Lake Uvildy EUR-52

Lat.55.522 Lng.60.508 Alt.273
Riparian Nation(s) Russia
Surface Area 61 km2 Mean Depth 12.7 m Volume 0.77 km3
Shoreline 117 km Catchment Area 144 km2 Residence Time 19 yr
Frozen Period Nov-May Mixing Type Dimictic Morphogenesis/Dam
Related Info/Site

Description

Lake Uvildy is one of the largest lakes situated in the ancient Urals. Its drainage basin is of tectonic origin, and was formed in Miocene (20 25 million years ago) by the fault dislocation of the Eastern Urals anticline on the boundary of the Transurals Peneplain. It seems possible that its transformation proceeded further due to the tectonic movement during the Quaternary period.

The lake basin is 12.2 km long and consists of three sub-basins separated by submerged ridges and an island chain. The largest and deepest (maximum depth 37 m) southern sub-basin is called Marine Reach. The northern and western (Red Reach) sub-basins are bordered by Beriozovy Island, the largest of 52 islands on the lake.

Lakeshores are lightly cut and gently sloping in Marine Reach, while they are sharply cut and with a lot of islands in the other two sub-basins. The southwestern coasts of Red Reach are high and rocky with steep forested slopes, offering the most picturesque scenery. The western side of the two sub-basins are low and marshy, bearing birch and osier stands. Reeds grow along the littoral zone of the lake. The area occupied by macrophytes amounts to 10 km2. Stoneworts (Chara) grows on the lake floor down to a depth of 14 m. Deeper bottoms (to 16 m) are covered by a moss Fontinalis.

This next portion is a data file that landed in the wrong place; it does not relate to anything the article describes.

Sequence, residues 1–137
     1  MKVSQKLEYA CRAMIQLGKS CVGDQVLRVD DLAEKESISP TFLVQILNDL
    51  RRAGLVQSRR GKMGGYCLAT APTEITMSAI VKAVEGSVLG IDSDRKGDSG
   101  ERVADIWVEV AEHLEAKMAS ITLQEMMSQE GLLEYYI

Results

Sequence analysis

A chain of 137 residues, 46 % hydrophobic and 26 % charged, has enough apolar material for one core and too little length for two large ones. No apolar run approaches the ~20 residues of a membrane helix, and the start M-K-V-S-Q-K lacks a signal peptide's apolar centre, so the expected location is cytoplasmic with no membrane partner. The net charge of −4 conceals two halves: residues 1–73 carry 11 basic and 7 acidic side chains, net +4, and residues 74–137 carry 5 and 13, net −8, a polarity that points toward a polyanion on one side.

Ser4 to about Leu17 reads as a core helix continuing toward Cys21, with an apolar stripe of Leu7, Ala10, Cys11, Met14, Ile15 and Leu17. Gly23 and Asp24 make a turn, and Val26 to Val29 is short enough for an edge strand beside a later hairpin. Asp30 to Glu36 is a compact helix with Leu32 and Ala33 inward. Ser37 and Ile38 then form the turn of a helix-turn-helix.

The catchment area is not wide, and is located on hilly eastern slopes of the Southern Urals, where pine and birch forests grow on gray forest podzol except for swampy depressions. The greater part of the catchment is drained by two tributary rivers flowing into the northern sub-basin, the Cheremshanka and the Kosaya.

The lake is oligotrophic and filled with transparent freshwater. In 1964 1967, the lake water was channeled eastward from Marine Reach via a small canal to the neighbouring Lake Malye Iradiaghy for supporting a fish-breeding nursery. The most significant consumption of the lake water started in the dry years of 1975 1976 to improve water supply to the city of Cheliabinsk by constructing a deep canal with a watergate that connected Lake Uvildy with Argazy Reservoir on the River Miass. This resulted in the subsidence of the lake's water level by 3.9 m and the decrease of the lake water volume by 0.245 km3.

L. Uvildy is intensively used as the site of recreation and health resort. The lake silt is used as medicinal mud in sanatoria located on the lake shore. Coastal radon springs are used for medical purposes as well (1, 2, 3, 4, 5).

Photo of Lake Uvildy
Photo: Urals Sci. Res. Inst.